For example, in another exemplary embodiment of the invention, a 60 GHz monopole antenna can be constructed using the framework of
Another advantage of using the hat (21) is that the center frequency of a monopole antenna can be fine-tuned by tweaking the size (d5) of the hat (21), as opposed to making slight adjustments to the length of the via stub (or substrate thickness). In particular, by way of example, for a given antenna design using the framework of
It is to be understood that the monopole antenna of
Moreover, the use of metallic strip hat elements enables multiband antennas to be formed using different length hat elements. For instance, as depicted in
It is to be further appreciated that antennas according to exemplary embodiments of the invention, such as depicted in
More specifically, in the exemplary embodiment of
Furthermore, a conductive layer (32) (e.g., gold) is deposited over the insulation layer (31) and patterned to form various contact pads/transmission lines (e.g., 32 a, 32 b) for making electrical connections between the IC chip (33) and other components, pads, transmission lines, etc., on a PC board, for example. More specifically, by way of example, the transmission lines (32 a) and (32 b), each of which having solder balls (35) and (38) formed on end regions thereof, can be used for making ground, power or I/O connections, for example, wherein the solder balls (35) are used for bonding the transmission lines (32 a, 32 b) to desired connections on the surface of the IC chip (33) and the solder balls (38) are used for bonding the transmission lines (32 a, 32 b) to desired connections on a PC board. In such exemplary embodiment, the PC board can be fabricated to have a cutout in which the encapsulated IC chip (33) is inserted, as well as a plurality of patterned contact pads/transmission lines that contact the solder balls (38) when the apparatus (30) is inserted into and securely mounted in the PC board.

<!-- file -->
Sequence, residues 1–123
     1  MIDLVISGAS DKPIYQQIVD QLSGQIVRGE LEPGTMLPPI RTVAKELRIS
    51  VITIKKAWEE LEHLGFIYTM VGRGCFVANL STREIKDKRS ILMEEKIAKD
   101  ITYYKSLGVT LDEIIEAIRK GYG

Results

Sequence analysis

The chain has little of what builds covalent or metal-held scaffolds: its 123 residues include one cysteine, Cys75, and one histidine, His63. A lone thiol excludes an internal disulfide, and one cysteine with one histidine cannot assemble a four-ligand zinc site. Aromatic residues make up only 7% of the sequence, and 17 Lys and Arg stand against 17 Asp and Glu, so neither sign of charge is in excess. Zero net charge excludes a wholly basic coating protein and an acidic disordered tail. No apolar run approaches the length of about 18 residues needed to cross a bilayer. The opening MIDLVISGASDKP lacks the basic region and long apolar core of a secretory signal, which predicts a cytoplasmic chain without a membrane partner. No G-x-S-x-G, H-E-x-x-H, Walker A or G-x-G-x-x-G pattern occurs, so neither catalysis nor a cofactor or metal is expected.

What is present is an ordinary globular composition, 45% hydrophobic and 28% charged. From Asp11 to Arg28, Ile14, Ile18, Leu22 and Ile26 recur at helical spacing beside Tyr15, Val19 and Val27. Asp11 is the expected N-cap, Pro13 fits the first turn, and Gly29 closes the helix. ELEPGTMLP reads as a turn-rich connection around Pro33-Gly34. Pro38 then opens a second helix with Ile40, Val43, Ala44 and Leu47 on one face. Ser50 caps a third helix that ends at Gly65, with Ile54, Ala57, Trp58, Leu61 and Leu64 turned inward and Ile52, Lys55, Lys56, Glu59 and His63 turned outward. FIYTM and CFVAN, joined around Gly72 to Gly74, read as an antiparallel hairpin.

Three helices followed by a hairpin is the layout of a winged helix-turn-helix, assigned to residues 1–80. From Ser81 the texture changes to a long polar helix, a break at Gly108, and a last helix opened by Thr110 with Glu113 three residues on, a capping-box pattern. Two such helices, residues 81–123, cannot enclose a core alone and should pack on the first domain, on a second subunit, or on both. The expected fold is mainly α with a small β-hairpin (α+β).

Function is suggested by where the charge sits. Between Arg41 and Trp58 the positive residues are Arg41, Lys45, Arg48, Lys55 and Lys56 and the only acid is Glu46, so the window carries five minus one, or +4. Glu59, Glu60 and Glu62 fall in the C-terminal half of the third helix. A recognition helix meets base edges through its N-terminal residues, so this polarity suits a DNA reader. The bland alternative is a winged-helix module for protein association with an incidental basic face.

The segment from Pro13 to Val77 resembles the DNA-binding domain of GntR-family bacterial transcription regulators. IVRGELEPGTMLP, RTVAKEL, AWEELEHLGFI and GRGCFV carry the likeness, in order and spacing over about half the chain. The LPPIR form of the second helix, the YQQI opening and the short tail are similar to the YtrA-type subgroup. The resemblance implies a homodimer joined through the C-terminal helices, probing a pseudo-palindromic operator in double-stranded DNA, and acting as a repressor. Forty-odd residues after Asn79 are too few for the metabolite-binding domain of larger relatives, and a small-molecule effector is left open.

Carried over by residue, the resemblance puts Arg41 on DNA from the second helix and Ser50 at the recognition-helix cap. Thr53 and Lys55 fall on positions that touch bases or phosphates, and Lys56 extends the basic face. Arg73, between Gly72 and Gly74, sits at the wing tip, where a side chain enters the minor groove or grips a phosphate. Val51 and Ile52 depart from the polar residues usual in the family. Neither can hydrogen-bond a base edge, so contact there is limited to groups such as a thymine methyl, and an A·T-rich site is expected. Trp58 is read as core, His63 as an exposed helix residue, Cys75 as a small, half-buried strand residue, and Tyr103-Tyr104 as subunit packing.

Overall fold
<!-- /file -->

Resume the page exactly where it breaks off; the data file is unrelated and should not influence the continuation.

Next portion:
In other exemplary embodiments of the invention based on the antenna framework of
In other exemplary embodiments of the invention, the apparatus (30) may comprise an impedance matching network for matching the impedances of the antenna (20) and a device/circuit (e.g., power amplifier) on the IC chip (33). For example, in one exemplary embodiment, an impedance matching network (e.g., a transmission line) may be integrally formed on the IC chip (33). For example, in the exemplary embodiment of
In yet another exemplary embodiment of the invention, an impedance matching network may be formed using the interposing layers (31, 32). For example, an impedance matching transmission line (micro strip) may be patterned on the metallic layer (32). In such embodiment although not specifically shown in
Moreover, in other exemplary embodiments of the invention, other support circuitry, such as filters, can be formed using the interposing layers (31, 32), for example. Indeed, based on the teachings herein, one of ordinary skill in the art can readily envision other methods, devices or circuits that can be implemented herein for purposes of providing impedance matching, filtering, or other functions. It is to be understood that any high-frequency antenna (e.g., about 20 GHz or greater) that is constructed in accordance with the teachings of the present invention can be used for constructing an integrated communications chip, and that the use of the antenna (20) in
Further, in the exemplary integrated device of